Thursday, April 2, 2015

Beach Shoes or is it Beached Shoes

Most photographers go to the beach to shoot seascapes, boats, sunrises/sunsets. I don’t. That doesn’t mean that I don’t occasionally shoot those thing, I do. I know that I have written this so often that most who read this blog can name my beach themes in their sleep: The Edge, Dead Creatures, Footprints and Abandoned Clothing. To me these themes are more satisfying than shooting seascapes which to me are almost always disappointing. Maybe someday I will learn how to do that.

This day there were no dead creatures or footprints and the edge was messy and ill defined. But no matter what, there is always shoes on the beach.

Okay, for those that have never been to the beach on the Texas upper coast it requires some explanation. We do not have the pristine white sands sheltered by palm trees. We have debris laden, black stained sands—the refuge of storms and inconsideration. For some that is a problem. It is a problem if you go looking for a Florida beach or a Hawaiian beach you are going to be very disappointed. If you go looking for what the sea has left behind for you to discover today—then you might find the upper coast of Texas to be very interesting.

Back to shoes. Shoes are not my favorite abandoned clothing. There is nothing exciting about shoes unless you might have a foot fetish, I don’t. But still I wonder why there is always shoes abandoned on the beach. Do people just forget to wear their shoes home? That would be odd because it is not often that you find a pair of matching shoes. I don’t think there are that many one footed people that go to the beach.

One time I did find a fairly new pair of Nikes in the parking area which looked as if the person sit down in the car, removed their shoes and then swung their legs around and drove off. This day I found a matching pair of hightops about fifty feet from each other. Maybe this is not a story that resonates with you but I can’t seem to help wondering the whys of things and this one is a mystery to me. So I photograph shoes. I have done this a lot. It has never supplied an answer as to why, but I still do it.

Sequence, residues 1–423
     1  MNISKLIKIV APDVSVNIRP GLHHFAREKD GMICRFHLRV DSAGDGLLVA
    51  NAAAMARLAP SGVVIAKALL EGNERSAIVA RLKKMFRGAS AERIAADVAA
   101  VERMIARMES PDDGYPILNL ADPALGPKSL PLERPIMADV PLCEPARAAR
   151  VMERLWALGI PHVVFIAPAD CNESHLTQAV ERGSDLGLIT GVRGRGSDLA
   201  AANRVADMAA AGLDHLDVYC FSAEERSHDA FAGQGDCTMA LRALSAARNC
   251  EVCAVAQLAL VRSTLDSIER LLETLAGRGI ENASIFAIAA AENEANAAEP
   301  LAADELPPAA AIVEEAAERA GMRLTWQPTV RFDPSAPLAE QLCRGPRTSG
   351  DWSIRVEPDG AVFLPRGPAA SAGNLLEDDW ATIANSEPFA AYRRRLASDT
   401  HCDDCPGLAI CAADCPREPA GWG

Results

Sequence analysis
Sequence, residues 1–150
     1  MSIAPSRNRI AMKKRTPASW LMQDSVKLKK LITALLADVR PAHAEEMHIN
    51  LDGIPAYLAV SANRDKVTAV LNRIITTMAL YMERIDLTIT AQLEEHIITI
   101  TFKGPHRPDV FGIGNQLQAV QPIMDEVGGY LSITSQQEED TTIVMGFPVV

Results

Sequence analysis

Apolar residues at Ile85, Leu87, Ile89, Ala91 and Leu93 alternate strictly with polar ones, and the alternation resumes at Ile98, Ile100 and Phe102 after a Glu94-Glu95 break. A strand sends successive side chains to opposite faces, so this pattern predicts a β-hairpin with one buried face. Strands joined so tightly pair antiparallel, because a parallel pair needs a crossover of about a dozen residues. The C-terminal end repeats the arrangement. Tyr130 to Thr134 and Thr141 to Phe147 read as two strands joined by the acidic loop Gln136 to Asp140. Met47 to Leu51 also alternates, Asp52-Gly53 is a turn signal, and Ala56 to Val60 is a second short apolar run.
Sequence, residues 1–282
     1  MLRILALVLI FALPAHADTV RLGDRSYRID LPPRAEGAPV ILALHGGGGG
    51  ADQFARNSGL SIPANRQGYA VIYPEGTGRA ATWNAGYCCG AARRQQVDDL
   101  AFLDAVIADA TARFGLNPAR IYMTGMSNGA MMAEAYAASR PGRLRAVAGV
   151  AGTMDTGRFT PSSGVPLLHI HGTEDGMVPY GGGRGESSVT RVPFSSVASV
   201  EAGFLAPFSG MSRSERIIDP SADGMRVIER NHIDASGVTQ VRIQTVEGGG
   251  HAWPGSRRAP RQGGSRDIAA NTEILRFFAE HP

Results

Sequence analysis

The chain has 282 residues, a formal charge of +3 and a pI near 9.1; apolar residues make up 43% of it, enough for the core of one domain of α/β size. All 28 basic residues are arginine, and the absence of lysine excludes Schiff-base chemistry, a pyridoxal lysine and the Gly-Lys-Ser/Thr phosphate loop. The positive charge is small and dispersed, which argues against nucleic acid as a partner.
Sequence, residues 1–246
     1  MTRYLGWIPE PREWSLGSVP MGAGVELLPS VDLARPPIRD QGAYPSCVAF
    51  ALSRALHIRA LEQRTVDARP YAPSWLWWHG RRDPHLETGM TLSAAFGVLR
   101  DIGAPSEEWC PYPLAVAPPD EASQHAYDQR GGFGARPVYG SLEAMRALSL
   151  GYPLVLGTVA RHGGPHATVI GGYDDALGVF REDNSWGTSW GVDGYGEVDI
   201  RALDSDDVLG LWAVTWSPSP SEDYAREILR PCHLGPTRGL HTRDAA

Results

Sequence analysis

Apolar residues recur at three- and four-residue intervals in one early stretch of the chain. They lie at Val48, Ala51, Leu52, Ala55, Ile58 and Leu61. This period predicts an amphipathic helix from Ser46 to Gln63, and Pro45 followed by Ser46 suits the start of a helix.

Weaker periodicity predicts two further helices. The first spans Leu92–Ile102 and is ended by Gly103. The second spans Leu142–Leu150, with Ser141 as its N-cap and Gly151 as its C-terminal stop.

Addendum: Not that this has any significance but while trying to proof this I got to thinking about my beach themes. The Edge is about the beginning; Dead Creatures is about the end; Footprints and Abandoned Clothing are about the person in between the beginning and the end. None of the photographs are about what is in the photograph. I doubt that many will grasp that or even care if they do. It is all metaphorical. Don't know that I had consciously thought of the themes that way before.

ADDENDUM TWO: The reason why I photograph abandoned clothing is still in question. Maybe Avedon is right, all photographs are about the photographer. Just now browsing through these photographs the shoes in the photographs give me a feeling that correlates with life. These shoes are not always abandoned because they are old or they are no longer of value, but something has happened that causes these shoes to be separated from their mate, to be deposited alone, useless and abandoned to rot away the remainder of their days until the sand overtakes them and they like the human body becomes again dust. In some ways it is a sad commentary on life. Almost daily we see people who have become like these abandoned shoes. How does that happen? Why does that happen? Is it the fault of the individual? Is it our fault? Somewhere, I can’t pull the quote out of my head right now, but somewhere there is a poem by Vashel Lindsay that is applicable here. I’ll have to find it…

Found it.

The Leadened Eye

Let not young souls be smothered out before
They do quaint deeds and fully flaunt their pride.
It is the world's one crime its babes grow dull,
Its poor are ox-like, limp and leaden-eyed.
Not that they starve; but starve so dreamlessly,
Not that they sow, but that they seldom reap,
Not that they serve, but have no gods to serve,
Not that they die, but that they die like sheep. 

At the age of 51, Vashel Lindsay drank a bottle of Lysol.

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